• The ability to save work-in-progress becomes an easy client-side feature to implement with AIR’s built-in database. This feature can also be used to cache frequently accessed static data, create off-line capabilities and much more – see docs
  • AIR’s drag and drop capabilities easily enable the user to attach files to the case, drag attachments to the desktop, etc. – see docs
  • Multi-monitor virtual desktops can be fully utilized – I wish more apps could do this! – see docs
  • Toast-like notifications can notify the user of important events such as a high-priority customer issue. Unlike web browser alert windows, these notifications do not steal keyboard focus and can be set to automatically expire and close after a few seconds – see docs
  • AIR applications can detect if the user becomes idle and handle it accordingly such as automatically saving the work in progress – see docs
  • AIR applications are desktop applications so they can be auto-launched at login, run from a desktop icon, etc. – see docs
  • AIR includes an HTML engine (Webkit) allowing the application to integrate HTML/JS/CSS seamlessly with Flex and Flash – see docs

Every feature mentioned above is easy to implement and available today with AIR. I’ve only scratched the surface on ways AIR can be utilized.

Sure, it’s possible to build these types of capabilities using other technologies but it quickly becomes challenging and it is almost always impractical. Using the Adobe technologies discussed in this article, it’s now within the reach of most developers.

In future articles, I’ll explore how to build such an application. I’ll also discuss how Adobe LiveCycle ES and ColdFusion can add even more sophistication and value to the final application by extending backend capabilities and simplifying complex server tasks.

~ by gregorywilson on January 31, 2008.

3 Responses to “RIAs, Dumb Terminals and Business Applications”

  1. Some excellent points Greg! Having worked with you in the past and in fact at that same call center you mention (i.e. not close to being as old though 😉 I definitely understand the different types of constraints and requirements that we have within the enterprise where speed and efficiency are high priority concerns. I believe this is the first article I have read thus far that that directly hits on this topic of the enterprise perspective in a Web2.0/RIA world. Hopefully you will have many more to follow 😉 The other big thing that comes to mind for me that is different for the enterprise is security. In many industries the possibility of data getting into the wrong hands is a huge concern and in that respect PDF, with its abilities around encryption, signatures, and rights management is huge enabler for companies both internally and when reaching out to their customers, partners, and other constituents. I expect we will see an increase in the trend around the usage of PDF and similar technologies as enterprises become Web2.0 enabled and begin reaching futher out of their corporate boundaries.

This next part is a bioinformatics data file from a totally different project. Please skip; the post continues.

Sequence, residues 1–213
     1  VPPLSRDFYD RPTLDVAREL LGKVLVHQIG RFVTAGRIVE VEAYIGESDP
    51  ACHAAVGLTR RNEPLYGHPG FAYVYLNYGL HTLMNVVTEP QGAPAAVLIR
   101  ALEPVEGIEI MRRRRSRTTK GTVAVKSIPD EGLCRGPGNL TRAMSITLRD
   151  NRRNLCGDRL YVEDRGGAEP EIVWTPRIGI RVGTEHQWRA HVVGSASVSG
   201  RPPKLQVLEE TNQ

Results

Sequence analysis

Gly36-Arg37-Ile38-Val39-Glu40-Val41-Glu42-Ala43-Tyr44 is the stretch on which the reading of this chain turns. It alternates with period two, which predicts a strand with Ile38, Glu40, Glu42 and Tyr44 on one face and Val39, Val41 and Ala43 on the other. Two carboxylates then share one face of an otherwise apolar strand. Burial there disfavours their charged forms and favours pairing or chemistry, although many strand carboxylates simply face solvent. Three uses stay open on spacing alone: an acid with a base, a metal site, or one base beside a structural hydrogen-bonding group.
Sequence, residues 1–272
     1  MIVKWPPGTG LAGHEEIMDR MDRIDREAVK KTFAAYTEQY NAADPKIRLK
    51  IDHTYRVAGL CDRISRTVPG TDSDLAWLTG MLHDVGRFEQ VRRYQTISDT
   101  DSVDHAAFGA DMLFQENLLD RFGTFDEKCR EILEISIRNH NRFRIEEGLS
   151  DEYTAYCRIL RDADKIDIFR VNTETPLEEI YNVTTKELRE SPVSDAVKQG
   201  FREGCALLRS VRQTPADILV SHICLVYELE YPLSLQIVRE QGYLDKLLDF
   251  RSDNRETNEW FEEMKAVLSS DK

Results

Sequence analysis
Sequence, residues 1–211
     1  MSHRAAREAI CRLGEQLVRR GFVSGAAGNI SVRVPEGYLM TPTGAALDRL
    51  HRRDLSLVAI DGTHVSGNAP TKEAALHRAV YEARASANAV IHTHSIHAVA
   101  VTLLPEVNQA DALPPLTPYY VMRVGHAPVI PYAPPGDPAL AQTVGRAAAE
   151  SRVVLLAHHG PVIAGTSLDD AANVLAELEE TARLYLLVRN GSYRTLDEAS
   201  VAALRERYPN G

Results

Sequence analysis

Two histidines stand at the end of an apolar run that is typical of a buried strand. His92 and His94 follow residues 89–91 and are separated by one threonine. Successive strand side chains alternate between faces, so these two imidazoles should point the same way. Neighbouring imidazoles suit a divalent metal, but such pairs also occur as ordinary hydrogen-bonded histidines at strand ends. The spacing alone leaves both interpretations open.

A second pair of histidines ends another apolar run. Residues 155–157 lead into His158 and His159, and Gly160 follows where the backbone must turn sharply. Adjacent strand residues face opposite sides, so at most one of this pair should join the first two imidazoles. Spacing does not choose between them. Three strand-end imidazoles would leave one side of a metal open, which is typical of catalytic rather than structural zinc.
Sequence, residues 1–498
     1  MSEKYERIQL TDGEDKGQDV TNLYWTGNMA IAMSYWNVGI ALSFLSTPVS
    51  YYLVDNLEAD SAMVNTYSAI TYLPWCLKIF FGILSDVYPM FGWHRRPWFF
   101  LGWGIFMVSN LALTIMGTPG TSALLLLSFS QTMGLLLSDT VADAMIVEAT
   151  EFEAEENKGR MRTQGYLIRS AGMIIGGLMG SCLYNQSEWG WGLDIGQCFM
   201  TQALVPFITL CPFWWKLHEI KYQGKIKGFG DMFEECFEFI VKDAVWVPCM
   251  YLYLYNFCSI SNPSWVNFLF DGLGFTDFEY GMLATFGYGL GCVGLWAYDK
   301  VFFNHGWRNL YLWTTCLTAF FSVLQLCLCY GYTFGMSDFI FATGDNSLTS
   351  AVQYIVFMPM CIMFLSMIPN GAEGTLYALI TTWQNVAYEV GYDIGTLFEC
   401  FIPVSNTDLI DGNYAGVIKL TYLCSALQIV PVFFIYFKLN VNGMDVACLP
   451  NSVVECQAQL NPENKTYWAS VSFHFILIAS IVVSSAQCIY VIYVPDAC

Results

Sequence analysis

Anyway, a good read! Thanks!

  2. A great article Greg! I think you raise some excellent points to how new technology applies to business applications and how effective it can be…if done right or ineffective if done wrong! I think the term “Putting Lipstick on a Pig” comes to mind .

    I think your concept of UVD and UCT are sound theories. The formula’s may not be a science by any stretch but having worked in this business for some time now I am ashamed to say how many times I have witnessed and been forced to participate in the process of applying “Lipstick”. As a matter of fact one of the business applications that I work with as a part of my job has just been recently “upgraded” to be a RIA. The result is an application that is LESS functional than the HTML version based one. (Although now I have fancy screen transitions as I mercifully click around the application to try and solve my needs.)

    I think one of the profound statements you make is “..first we have to take a step back to recognize the rules are completely different”. Any development effort to build a RIA should…no must take this step to be successful. If you think about how many of the first green screen applications were primarily developed to mimic the paper process and get the data into a database. From there developers mimicked those applications into web applications applying the limitations of the first process plus those of the browser etc…and now many are at it again with RIA. While technologies like Flex and AIR remove many of the technology limitations and open so many other opportunities, many companies are not taking the opportunity to remove the limitations imposed in prior designs but instead focus their immediate concern is “How much is it going to cost me to convert my HTML application to a Flex application and how fast can we have it done! So in essence how much will it cost me to build a new application that could impose limitations to my users because of previously used technology that no longer applies! It doesn’t make sense. (oh and btw make it snappy.)

    That is where I think your concept of UVD and UCT come into play. But just as important as data being available to users I think it is paramount to step back and re-think how the users interact with an application as part of their jobs. This is how we make better business applications! Just investing in a RIA for your business application does not make it better. Companies need to invest in rethinking their applications and using these new technologies that have broken down the barriers imposed by dumb terminals, browsers and low bandwidth and create a new breed of business applications that will truly allow them to create “Killer Business Applications”!

    Good Job…Look forward to more!
    -Jeff

  3. […] the application I describe in RIAs, Dumb Terminals and Business Applications, the offline capability is an important aspect of the enterprise application, even for connected […]